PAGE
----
Kappa-PET Imaging and Naltrexone in Alcohol Drinking Behaviors

This study is currently recruiting participants. (see Contacts and Locations)
Verified June 2014 by Yale University
Sponsor:
Information provided by (Responsible Party):
Yale University
ClinicalTrials.gov Identifier:
NCT01625611
First received: June 19, 2012
Last updated: June 18, 2014
Last verified: June 2014

June 19, 2012
June 18, 2014
February 2011
June 2018   (final data collection date for primary outcome measure)
  • Occupancy of KOR by NTX and drinking [ Time Frame: 6-8 days after treatment with naltrexone ] [ Designated as safety issue: No ]
    To determine the degree to which occupancy of KORs by a 100 mg/day dose of NTX mediates (influences the strength of) responsivity to NTX treatment in all heavy drinkers.
  • Relationship between NTX responsivity and occupancy of KOR [ Time Frame: 6-8 days after treatment with naltrexone ] [ Designated as safety issue: No ]
    To determine whether the relationship between NTX responsivity and occupancy of KOR is different in family history positive vs. family history negative heavy drinkers.
Same as current
Complete list of historical versions of study NCT01625611 on ClinicalTrials.gov Archive Site
Baseline KOR differences [ Time Frame: at baseline prior to treatment with naltrexone ] [ Designated as safety issue: No ]
To determine if baseline levels of KOR differ between family history positive (FHP) and family history negative (FHN) heavy drinkers and to determine if baseline KOR level is related to either baseline drinking or responsivity to NTX.
Baseline KOR differences [ Time Frame: at baseline prior to treatment with naltrexone ] [ Designated as safety issue: No ]
To determine if baseline levels of KOR differ between FHP and FHN heavy drinkers and to determine if baseline KOR level is related to either baseline drinking or responsivity to NTX.
Not Provided
Not Provided
 
Kappa-PET Imaging and Naltrexone in Alcohol Drinking Behaviors
Kappa-PET Imaging and Naltrexone in Alcohol Drinking Behaviors

The primary purpose of the study is to increase our knowledge of receptor function in the brains of people who are heavy drinkers and taking naltrexone (NTX), a medication that has been approved for the treatment of alcohol dependence. Receptors are special molecules in the brain to which other molecules (neurotransmitters) attach during the normal every-day workings of the brain. Drugs can bind to those receptor molecules as well. Recent evidence suggests that kappa opioid receptors (KOR's) may play an important role in alcohol drinking behavior. This study will try to determine if naltrexone's ability to attach to these receptors is related to its effectiveness. We will use PET (positron emission tomography) for this study. PET is a type of imaging device found in nuclear medicine. It is used for tracking the presence of injected radioactive materials in the body.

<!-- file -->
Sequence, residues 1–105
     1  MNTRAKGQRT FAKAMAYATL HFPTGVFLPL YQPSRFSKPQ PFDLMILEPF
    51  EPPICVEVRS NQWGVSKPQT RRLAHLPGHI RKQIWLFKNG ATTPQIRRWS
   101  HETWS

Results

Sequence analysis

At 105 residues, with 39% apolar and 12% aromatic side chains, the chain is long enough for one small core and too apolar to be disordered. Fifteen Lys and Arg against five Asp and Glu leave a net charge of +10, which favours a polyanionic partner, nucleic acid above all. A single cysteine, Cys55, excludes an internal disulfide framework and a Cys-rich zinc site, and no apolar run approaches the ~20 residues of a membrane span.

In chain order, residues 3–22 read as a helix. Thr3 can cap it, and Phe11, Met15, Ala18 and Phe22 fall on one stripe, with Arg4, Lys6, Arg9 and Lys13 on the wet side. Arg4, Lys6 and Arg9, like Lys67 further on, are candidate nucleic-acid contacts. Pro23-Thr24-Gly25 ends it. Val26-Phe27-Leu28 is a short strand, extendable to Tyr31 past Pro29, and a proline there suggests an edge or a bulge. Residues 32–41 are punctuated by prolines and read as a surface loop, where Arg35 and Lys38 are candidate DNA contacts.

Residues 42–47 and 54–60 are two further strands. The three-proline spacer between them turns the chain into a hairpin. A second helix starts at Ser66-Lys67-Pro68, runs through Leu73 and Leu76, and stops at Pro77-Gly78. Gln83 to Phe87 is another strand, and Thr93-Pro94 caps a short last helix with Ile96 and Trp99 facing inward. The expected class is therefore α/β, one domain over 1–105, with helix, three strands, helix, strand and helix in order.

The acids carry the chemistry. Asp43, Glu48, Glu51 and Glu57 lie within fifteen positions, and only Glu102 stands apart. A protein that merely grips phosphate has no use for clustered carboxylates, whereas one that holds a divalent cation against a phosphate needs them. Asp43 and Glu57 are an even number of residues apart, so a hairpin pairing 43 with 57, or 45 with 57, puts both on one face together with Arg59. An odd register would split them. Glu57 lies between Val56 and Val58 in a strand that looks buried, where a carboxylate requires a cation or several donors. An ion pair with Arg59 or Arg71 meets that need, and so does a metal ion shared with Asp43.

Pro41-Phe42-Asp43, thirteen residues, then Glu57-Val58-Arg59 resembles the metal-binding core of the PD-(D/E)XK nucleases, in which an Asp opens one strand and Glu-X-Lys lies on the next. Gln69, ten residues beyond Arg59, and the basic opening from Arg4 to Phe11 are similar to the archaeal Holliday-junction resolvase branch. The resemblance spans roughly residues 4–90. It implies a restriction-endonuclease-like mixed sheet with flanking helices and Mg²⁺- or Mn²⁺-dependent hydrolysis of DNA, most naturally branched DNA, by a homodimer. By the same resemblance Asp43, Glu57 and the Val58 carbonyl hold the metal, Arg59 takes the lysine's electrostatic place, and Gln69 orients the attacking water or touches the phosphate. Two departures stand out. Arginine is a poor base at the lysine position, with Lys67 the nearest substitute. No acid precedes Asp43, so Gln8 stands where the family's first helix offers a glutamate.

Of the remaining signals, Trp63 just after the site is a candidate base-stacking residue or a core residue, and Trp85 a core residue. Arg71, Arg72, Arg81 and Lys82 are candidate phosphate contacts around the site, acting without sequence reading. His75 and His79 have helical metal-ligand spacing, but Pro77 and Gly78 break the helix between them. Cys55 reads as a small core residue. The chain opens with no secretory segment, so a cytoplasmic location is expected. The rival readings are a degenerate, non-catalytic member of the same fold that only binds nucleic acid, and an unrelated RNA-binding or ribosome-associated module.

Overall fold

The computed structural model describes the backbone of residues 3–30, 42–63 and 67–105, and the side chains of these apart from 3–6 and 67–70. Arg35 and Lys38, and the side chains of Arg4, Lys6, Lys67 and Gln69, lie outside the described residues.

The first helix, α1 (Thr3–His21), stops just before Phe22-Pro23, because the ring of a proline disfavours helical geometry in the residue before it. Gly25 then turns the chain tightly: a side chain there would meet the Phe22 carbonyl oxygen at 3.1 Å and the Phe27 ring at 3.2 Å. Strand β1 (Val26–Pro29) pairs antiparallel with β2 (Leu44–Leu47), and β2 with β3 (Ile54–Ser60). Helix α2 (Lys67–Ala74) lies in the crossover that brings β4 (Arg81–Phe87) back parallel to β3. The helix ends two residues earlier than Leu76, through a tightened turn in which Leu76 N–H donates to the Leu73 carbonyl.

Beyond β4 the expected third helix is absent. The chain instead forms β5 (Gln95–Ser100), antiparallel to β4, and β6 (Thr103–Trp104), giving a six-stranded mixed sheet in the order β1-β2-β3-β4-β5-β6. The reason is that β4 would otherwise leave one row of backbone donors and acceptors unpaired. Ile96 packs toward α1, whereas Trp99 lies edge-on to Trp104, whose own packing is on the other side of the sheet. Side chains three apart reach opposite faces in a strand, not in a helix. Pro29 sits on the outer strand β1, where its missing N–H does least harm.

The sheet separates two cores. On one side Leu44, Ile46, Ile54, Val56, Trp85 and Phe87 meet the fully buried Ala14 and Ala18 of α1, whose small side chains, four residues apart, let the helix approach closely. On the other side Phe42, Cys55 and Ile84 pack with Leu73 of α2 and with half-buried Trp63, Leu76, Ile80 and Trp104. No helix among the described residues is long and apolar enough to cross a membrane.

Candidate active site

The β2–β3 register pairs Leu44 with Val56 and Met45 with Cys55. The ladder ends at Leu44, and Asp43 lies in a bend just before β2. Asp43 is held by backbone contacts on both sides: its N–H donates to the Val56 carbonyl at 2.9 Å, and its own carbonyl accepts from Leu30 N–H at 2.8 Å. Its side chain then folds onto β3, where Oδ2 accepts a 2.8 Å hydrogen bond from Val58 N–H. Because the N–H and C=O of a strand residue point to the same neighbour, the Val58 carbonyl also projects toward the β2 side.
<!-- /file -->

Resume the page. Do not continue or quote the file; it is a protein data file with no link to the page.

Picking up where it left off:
Not Provided
Interventional
Phase 1
Endpoint Classification: Pharmacokinetics Study
Intervention Model: Single Group Assignment
Masking: Open Label
Primary Purpose: Treatment
Alcohol Drinking
Drug: Naltrexone
Naltrexone 100 mg titrated over one week
Other Name: Revia
Experimental: Naltrexone
Intervention: Drug: Naltrexone
Not Provided

*   Includes publications given by the data provider as well as publications identified by ClinicalTrials.gov Identifier (NCT Number) in Medline.
 
Recruiting
15
June 2018
June 2018   (final data collection date for primary outcome measure)

Inclusion Criteria:

  • Ages 21-50
  • Able to read English at 6th grade level or higher and to complete study evaluations
  • Regular alcohol drinker

Exclusion Criteria:

  • Individuals who are seeking alcohol treatment
  • Medical conditions that would contraindicate the use of study medication
  • Regular use of other substances
Both
21 Years to 50 Years
No
United States
 
NCT01625611
1011007710
Yes
Yale University
Yale University
Not Provided
Principal Investigator: Suchitra Krishnan-Sarin, Ph.D. Yale University
Yale University
June 2014

ICMJE     Data element required by the International Committee of Medical Journal Editors and the World Health Organization ICTRP